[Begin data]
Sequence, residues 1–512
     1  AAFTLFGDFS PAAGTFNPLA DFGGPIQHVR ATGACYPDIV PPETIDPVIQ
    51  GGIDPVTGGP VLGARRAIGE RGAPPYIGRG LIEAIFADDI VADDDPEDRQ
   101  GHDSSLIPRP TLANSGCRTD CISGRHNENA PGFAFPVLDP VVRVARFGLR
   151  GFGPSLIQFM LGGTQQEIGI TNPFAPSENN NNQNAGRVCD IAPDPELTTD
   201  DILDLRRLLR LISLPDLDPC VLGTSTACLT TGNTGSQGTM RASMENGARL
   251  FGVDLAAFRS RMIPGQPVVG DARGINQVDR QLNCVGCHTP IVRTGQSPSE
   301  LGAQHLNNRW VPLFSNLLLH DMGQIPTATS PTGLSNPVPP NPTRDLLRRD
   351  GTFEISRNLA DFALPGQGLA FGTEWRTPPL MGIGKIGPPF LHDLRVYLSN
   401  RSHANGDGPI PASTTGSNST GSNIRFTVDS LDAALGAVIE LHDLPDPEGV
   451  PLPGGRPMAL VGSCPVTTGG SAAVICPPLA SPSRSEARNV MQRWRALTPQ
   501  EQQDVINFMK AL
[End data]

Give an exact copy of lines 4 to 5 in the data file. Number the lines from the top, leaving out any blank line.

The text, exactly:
   101  GHDSSLIPRP TLANSGCRTD CISGRHNENA PGFAFPVLDP VVRVARFGLR
   151  GFGPSLIQFM LGGTQQEIGI TNPFAPSENN NNQNAGRVCD IAPDPELTTD